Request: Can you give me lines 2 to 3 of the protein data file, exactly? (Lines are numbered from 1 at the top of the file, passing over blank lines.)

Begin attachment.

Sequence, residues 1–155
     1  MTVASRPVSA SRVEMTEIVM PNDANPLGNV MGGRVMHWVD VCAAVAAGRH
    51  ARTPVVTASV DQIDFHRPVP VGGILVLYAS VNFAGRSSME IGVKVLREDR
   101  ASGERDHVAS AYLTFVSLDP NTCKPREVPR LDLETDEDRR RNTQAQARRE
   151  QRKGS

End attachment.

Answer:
     1  MTVASRPVSA SRVEMTEIVM PNDANPLGNV MGGRVMHWVD VCAAVAAGRH
    51  ARTPVVTASV DQIDFHRPVP VGGILVLYAS VNFAGRSSME IGVKVLREDR